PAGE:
Giant eye reveals new pulsating binary stars

29 September 2003

Close-up: NASSP honours student Thapelo Tshenye at work during a recent fieldtrip to Sutherland. He has been interested in astronomy since boyhood. "I love the African skies," he said.

A telescopic search of the southern skies one frigid July night during a fieldtrip to Sutherland revealed a special secret to stargazer Denise Dale.

Dale, an honours student on the new, collaborative National Astrophysics and Space Science Programme (NASSP) hosted at UCT, identified two binary stars in which the central star pulsates. As these binary stars interact with each other, mass flows from the low mass companion to the more massive central star, known as a white dwarf.

Only two other mass-transferring binary stars have been discovered, one of which was recently found by Dale's UCT supervisors, astronomers Distinguished Professor Brian Warner and Dr Patrick Woudt.

New discoveries such as these are being made possible by such initiatives as the Sloan Digital Sky Survey in the United States, which has resulted in the sighting of 40 new interacting binary stars (sometimes called cataclysmic variable stars). From these, Warner and Woudt selected two as possible candidates in which the central star pulsates. These were the two that Dale studied in Sutherland.

"Both turned out to be pulsating, doubling the number of known pulsating cataclysmic variable stars," she added.

A white dwarf, she explained, is an evolved star and when such a star reaches a specific temperature range (12 000 deg Kelvin) it will pulsate. "With the pulsations one can, in principle, study the density structure of the star."

The timing of the discovery meant Warner could announce it at a conference on variable stars in Christchurch, as well as at the general assembly of the International Astronomical Union in Sydney a week later.

The find is significant in astronomical circles. "Pulsating stars are observed quite commonly in isolated white dwarfs and the pulsation period can be used to study the density structure of the star (astroseismology) but they are very rare in mass-transferring binaries," Dale explained.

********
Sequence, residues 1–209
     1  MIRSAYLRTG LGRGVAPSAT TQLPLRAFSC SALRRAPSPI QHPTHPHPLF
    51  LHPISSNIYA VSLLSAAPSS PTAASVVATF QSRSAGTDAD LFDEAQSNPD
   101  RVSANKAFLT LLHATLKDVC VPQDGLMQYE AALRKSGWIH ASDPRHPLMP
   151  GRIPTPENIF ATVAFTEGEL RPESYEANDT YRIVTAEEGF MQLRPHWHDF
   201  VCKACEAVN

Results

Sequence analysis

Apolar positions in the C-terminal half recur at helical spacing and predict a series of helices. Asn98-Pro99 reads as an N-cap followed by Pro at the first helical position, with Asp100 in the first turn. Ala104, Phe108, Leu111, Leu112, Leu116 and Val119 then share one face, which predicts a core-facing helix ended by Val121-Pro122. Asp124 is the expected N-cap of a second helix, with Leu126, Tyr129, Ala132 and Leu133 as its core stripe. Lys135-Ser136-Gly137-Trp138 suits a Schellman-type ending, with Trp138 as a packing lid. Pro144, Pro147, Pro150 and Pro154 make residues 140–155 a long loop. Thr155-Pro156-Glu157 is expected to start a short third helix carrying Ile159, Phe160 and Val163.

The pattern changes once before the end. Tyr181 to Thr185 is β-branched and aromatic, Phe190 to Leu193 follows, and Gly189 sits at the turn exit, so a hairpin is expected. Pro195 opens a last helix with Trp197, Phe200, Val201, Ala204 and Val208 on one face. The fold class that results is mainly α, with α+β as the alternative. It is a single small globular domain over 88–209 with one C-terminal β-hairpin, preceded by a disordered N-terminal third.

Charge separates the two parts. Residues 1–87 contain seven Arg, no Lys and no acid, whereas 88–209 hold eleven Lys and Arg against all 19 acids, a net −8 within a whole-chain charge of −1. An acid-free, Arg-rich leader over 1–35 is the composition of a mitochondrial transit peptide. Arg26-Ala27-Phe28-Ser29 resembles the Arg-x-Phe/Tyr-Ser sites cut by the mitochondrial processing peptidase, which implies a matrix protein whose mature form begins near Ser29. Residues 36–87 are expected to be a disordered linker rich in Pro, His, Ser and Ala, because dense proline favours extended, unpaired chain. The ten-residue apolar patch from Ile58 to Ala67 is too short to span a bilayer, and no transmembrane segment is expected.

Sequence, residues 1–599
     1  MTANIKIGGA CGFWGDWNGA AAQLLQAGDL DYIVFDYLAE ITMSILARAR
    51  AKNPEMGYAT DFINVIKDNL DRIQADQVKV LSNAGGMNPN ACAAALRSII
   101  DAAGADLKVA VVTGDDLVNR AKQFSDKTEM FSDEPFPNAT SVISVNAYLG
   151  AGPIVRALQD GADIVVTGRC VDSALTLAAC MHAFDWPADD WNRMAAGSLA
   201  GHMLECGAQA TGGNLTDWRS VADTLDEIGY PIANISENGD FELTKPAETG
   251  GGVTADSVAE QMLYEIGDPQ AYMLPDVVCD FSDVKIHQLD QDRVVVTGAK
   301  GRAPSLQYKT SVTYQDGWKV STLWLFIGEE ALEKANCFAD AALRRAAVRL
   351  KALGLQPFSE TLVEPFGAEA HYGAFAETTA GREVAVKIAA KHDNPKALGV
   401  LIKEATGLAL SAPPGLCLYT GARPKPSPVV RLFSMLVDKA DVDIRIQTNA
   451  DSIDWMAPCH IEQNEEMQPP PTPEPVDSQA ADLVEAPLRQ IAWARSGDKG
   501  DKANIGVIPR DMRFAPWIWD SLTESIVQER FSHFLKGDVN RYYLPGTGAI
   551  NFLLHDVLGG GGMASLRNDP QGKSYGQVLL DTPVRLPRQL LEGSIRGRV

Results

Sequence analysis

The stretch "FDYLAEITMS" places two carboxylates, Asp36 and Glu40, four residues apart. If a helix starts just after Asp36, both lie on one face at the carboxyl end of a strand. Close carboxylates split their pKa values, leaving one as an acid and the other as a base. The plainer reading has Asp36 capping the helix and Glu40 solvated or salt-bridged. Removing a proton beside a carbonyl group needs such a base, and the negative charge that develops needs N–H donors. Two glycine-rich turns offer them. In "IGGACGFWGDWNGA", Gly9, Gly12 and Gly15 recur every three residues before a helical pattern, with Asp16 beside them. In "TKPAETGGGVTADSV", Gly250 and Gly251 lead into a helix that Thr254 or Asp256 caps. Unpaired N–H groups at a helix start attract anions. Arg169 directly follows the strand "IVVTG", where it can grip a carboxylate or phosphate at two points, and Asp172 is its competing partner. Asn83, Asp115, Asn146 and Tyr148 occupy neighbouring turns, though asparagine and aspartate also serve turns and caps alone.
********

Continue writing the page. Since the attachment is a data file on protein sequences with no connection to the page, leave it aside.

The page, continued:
"Having doubled the sample from two to four, we can now possibly study what effect mass accretion will have on the central star."

These new celestial objects are being found through dedicated surveys of big areas in the sky, using big telescopes. But as the sightings are quite faint, these are followed up using bigger telescopes such as the Southern African Large Telescope (SALT) at Sutherland.

This "giant eye" facility, the largest single optical telescope in the southern hemisphere, will be ready for action by the time Dale reaches PhD level in 2005.

Dale was one of 13 students who travelled to Sutherland and then on to the HartRAO and Boyden observatories during the two-week fieldtrip.

"These fieldtrips are hugely valuable as students learn new observational techniques," said course co-ordinator Associate Professor Peter Dunsby.

The students enjoyed a practical introduction to optical/infrared observational techniques. And despite bad weather, they were able to take part in observations made with 0.5m, 0.75m, 1m and 1.9m telescopes. Ugandan honours student Edward Jurua measured an sdB star over several nights using the 1.9m telescope. Once he graduates, Jurua plans to put his energies into space science programmes in southern African and particularly the development of the field in his home country.

Another honours student, Thapelo Tshenye, has been interested in astronomy since boyhood. A graduate of the University of North West in Mmabatho (he hails from Rustenburg), Tshenye says he loves the African skies.

"The Sutherland trip was the best, perhaps because I am passionate about optical astronomy."

"The quality of their practical work was very high," Dunsby noted, adding that many of the honours projects would be good enough to publish at the end of the year.

In its first year, the NASSP course has been very successful and is expanding fast. "This year's intake of 13 honours and five master's students is likely to be topped next year when as many as 30 students are expected, with an additional three MSc students still on the programme," Dunsby added.

Good news for the programme is the recent allocation of R440 000 for a new teaching computer laboratory next year, an important facility.

(The NASSP course is a collaboration between 13 institutions, including the Universities of Free State, Natal, Zululand and Rhodes, as well as the South African Astronomical Observatory (SAAO), the Hartebeespoort Radio Observatory and the iThembaLab.)

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